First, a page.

Broker Check
Do Physicians Need Both Long and Short Term Disability?

Do Physicians Need Both Long and Short Term Disability?

October 27, 2021

Disability insurance is a must-have for physicians because loss of income for any duration has the potential to cause significant financial hardship. Social Security Disability Insurance may come to mind, but nearly two-thirds of initial applications are denied and the average SSDI payment is only $1,259 a month. This type of income protection isn’t sufficient for physicians to make up for lost wages. 

The most common causes* of disability insurance claims are: 

  1. Musculoskeletal disorders like arthritis or carpal tunnel (27.6%)
  2. Cancer (15.0%)
  3. Injuries like fractures and sprains (12.0%)
  4. Mental health issues (9.3%)

Doctors are not immune from back injuries, arthritis, or other illnesses, and disabling events unfortunately happen every day. A simple slip off a ladder could mean that you’re out of work and not receiving a paycheck. Disability insurance exists to replace that lost income and protect yourself and your family. 

Short-term disability insurance coverage is often available through your employer, who may pay all or a portion of the cost for your coverage. Long-term disability insurance policies are also available through insurance companies or independent agents and can cover more of your income. But do physicians need both long and short term disability insurance coverage?

The Basics

A short-term disability insurance policy will start replacing your income sooner than a long term policy, with elimination/waiting periods usually around 7-14 days. These plans typically pay up to 50% of your income and the benefit period is generally around a year or less. This coverage might not be enough to meet your bills or the coverage might be too short to recover from an illness or injury, which is why you may want to supplement employer-based coverage with a personal policy. 

Supplemental, long-term policies may be purchased to cover up to 65% of your income. A long-term disability insurance policy has a waiting period of anywhere from 30 day to 1 year, with 90 days being the most frequently chosen option. Benefits can be paid for a set number of years, or until a certain age (like 65, 67, or 70). 

A big difference in employer-paid and individually-owned comes during underwriting. An employer paid group policy is usually Guaranteed Issue, while individually owned policies include medical and financial underwriting.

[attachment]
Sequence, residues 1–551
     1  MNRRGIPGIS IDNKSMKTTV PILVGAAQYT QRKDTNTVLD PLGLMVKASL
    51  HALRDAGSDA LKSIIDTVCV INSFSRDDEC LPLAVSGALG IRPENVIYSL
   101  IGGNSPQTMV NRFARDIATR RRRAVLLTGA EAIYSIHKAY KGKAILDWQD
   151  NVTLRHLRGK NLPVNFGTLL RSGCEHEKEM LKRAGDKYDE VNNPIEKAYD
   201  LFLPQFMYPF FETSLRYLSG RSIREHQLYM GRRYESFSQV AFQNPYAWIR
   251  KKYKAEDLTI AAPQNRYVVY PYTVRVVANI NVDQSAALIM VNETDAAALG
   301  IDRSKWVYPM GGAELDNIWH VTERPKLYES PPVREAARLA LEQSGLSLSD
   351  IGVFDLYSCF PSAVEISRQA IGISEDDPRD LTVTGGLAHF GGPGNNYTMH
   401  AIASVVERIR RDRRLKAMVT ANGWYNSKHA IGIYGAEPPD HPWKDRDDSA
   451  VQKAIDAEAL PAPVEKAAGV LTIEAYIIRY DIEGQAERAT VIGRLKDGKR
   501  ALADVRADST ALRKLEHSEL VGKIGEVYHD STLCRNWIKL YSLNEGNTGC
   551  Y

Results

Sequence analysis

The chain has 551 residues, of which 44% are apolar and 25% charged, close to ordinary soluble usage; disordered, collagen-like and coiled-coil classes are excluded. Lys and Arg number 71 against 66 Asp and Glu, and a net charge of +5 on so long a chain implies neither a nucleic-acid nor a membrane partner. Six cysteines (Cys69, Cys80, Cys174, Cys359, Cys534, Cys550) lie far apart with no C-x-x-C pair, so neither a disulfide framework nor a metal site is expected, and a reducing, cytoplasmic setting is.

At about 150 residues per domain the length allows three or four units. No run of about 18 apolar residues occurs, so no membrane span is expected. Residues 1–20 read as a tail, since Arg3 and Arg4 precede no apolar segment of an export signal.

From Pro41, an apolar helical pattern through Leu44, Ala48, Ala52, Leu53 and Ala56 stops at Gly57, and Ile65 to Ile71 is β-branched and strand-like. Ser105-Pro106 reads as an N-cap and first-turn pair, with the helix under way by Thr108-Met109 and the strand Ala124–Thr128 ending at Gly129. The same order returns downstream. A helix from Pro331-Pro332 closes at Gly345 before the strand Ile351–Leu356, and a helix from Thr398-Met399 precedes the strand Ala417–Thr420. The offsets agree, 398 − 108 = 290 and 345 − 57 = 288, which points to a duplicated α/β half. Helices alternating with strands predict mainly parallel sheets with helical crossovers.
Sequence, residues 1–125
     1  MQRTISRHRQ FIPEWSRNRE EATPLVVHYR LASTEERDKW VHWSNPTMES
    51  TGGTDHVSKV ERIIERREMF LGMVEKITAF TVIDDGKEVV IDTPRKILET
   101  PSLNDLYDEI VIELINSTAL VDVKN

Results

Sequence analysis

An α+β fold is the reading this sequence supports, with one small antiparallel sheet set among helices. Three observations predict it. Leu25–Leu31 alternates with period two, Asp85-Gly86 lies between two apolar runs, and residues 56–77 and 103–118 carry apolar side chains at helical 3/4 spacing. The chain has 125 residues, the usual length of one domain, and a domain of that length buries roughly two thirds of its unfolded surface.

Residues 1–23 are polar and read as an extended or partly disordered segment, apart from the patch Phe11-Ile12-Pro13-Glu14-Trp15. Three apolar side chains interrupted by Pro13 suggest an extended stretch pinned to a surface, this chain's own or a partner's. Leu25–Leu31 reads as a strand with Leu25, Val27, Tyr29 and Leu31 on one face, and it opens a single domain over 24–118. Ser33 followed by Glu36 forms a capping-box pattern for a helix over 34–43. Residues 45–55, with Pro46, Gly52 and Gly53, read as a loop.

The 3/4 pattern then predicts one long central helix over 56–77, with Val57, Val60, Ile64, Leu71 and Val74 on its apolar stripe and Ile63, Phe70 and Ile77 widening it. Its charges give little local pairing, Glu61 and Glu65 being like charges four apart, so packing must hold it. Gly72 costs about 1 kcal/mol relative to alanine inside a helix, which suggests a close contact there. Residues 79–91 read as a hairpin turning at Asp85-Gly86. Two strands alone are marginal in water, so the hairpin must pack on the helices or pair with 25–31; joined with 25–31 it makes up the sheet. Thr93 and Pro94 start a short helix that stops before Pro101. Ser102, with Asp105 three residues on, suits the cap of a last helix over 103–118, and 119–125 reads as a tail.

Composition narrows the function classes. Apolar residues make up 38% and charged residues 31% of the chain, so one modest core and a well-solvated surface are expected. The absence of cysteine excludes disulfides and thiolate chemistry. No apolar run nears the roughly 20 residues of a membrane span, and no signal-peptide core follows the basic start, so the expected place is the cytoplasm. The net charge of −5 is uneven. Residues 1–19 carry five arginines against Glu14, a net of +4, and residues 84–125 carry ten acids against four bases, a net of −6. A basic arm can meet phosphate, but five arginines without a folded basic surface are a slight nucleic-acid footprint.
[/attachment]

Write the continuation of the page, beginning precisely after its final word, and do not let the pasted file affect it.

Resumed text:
Definition of Disability

True own occupation disability insurance is essential for physicians, because it means your income is covered in your specific specialty even if you’re working another job. For example, if a surgeon injures their hand and can’t practice surgery, they would still be considered disabled and receive their full disability benefits, even if they started consulting or practicing tele-health. 

Employer paid, short-term policies almost never offer true own occupation for physicians, instead using a weaker definition of disability. This is a major reason many physicians supplement their coverage with an individual, long-term disability insurance policy. 

Taxation of Disability Benefits

When you purchase an individual disability policy, the benefit payments are structured to be income tax-free. If your employer paid for your coverage, then the income you receive generally will be taxable. If you paid for a portion of the employer-provided coverage, then the pro rata amount of the benefits you receive are structured to be tax-free.

Transfer of Benefits

An employer-paid short-term disability insurance policy often doesn’t move with you if you change jobs. Without an individual plan in place, you could fall into a coverage gap if you change jobs or lose the coverage completely if your new employer doesn’t offer disability insurance. Individually owned policies move with you from job to job, as long as you continue paying the premium.

Do Physicians Need Both?

If your employer pays for most or all of your short-term disability insurance policy, as long as take in the tax considerations, it's great to have that coverage in place. Those plans often miss the mark on true own occupation coverage, which is the most important feature for physicians. You should think about supplementing your short-term coverage with an individually owned, long-term policy to cover more of your income in a more specific way. 

If you are ready to talk about individually owned disability insurance for physicians, we’ve got you covered. We offer own occupation policies with discounts up to 20%, exclusive to physicians. Get your quote today, or reach out for questions or a no-cost review of your current policy.